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Get strong in the water! Alexander incorporates a lot of paddle work into his swimming because, as he says, strength is really important in the open water. “You have people all over you, you’re making right- and left-hand turns, you have to start and stop, your momentum is constantly being broken,” he says. “I think being strong can have a big impact.”
“Strength is the basis for building speed, especially in the longer-distance races. The second half of the bike ride in longer races is not about going quick; it’s about not slowing down. It’s not just about muscular strength, but about aerobic strength. You have to hold your pace at threshold—or close to it—for a long period of time.”
To tackle this in training, do some low-cadence work that will improve your ability to turn gears, Alexander says. “For Ironman racing, you need to do two types of interval work. Longer, sustained efforts—10-, 15-, 30-minute efforts—and VO2max efforts. You need the ability to go very fast for a short period of time, recover, and then do it again because that kind of work helps to build your threshold speed as well.”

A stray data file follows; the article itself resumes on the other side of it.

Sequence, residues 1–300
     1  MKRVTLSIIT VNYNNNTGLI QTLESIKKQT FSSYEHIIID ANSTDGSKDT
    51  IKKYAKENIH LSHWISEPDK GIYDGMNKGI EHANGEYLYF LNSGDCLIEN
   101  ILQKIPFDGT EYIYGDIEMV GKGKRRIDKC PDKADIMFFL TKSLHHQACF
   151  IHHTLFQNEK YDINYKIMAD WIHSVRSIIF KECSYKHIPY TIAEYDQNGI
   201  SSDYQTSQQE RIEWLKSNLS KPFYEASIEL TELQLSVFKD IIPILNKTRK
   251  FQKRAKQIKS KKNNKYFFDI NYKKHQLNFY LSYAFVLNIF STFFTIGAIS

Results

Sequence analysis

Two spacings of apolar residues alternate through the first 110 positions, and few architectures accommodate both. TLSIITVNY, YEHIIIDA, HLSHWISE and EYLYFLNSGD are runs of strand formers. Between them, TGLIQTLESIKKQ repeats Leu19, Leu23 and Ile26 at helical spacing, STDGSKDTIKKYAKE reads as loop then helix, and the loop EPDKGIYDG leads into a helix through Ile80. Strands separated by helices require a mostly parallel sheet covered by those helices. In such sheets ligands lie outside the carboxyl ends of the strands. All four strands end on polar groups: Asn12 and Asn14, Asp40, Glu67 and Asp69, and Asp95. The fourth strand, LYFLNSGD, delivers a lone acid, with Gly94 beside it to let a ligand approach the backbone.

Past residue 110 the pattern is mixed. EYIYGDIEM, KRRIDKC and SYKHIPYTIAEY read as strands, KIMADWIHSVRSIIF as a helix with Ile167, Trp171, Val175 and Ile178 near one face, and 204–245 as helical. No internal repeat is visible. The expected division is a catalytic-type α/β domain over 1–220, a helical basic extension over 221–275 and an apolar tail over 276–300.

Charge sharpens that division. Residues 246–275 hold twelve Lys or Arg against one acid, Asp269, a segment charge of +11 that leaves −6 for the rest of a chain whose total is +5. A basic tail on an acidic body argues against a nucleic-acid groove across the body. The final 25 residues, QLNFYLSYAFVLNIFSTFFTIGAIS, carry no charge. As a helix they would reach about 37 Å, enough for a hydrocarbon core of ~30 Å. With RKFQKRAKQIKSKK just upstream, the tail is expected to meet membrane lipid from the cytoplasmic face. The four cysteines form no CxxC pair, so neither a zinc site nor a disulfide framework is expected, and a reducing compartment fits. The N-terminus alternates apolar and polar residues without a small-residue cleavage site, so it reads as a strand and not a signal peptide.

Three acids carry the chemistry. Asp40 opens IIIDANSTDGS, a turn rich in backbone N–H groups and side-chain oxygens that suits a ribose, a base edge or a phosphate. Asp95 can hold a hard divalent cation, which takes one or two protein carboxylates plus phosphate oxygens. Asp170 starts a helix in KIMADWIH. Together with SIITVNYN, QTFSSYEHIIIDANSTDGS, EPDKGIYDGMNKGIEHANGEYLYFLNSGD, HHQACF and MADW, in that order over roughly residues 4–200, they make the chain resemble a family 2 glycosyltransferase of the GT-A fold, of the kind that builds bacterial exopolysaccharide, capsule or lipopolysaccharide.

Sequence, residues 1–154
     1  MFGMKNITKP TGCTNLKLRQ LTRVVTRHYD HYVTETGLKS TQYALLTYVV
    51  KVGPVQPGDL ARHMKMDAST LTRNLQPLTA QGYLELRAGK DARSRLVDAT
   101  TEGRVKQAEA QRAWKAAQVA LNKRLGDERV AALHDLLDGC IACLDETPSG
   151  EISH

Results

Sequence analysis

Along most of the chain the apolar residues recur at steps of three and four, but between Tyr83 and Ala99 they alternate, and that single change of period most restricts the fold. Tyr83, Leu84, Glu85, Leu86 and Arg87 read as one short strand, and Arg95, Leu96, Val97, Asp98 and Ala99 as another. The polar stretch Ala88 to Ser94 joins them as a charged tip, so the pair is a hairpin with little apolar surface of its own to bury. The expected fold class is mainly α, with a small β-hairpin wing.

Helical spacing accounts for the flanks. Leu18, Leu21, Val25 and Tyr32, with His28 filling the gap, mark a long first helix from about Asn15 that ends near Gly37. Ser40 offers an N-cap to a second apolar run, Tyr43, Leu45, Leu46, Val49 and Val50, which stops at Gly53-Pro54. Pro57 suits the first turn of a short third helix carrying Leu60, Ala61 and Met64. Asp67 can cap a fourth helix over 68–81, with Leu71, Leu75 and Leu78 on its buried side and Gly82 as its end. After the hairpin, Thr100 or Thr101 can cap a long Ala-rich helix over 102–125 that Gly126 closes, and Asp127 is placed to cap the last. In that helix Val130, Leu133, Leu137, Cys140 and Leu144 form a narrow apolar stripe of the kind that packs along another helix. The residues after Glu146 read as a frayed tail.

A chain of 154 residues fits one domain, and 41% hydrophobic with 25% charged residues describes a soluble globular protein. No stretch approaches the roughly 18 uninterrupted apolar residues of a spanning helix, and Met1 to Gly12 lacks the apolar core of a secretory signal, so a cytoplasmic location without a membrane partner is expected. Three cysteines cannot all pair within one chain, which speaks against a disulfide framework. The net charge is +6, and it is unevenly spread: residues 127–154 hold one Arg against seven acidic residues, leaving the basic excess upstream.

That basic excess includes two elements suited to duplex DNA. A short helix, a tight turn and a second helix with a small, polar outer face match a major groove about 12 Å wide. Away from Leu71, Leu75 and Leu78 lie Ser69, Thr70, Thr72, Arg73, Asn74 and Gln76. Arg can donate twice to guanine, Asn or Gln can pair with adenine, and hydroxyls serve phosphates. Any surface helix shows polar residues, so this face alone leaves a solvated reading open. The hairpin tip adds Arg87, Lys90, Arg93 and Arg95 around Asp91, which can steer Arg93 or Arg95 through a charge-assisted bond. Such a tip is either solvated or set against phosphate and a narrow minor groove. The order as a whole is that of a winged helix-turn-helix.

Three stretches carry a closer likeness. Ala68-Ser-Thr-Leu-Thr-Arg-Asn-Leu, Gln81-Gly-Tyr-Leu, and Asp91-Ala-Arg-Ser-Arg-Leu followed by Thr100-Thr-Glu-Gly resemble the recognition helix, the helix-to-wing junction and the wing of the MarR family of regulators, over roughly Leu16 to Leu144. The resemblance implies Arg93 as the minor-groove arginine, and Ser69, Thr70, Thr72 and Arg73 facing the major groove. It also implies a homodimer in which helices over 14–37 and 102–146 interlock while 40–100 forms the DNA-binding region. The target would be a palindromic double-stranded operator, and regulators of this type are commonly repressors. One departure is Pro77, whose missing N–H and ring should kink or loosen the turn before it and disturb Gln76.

“Technique is the most important in the run because it comes last,” Alexander says. “That’s where you’re going to be the most susceptible to fatigue. Again, it’s not about going fast; it’s about not slowing down. A great way to hold your pace is to have efficiency. If you look at the great Ironman runners, they look like little robots. Every runner has different nuances to their technique, but generally speaking they’re strong throughout the race.”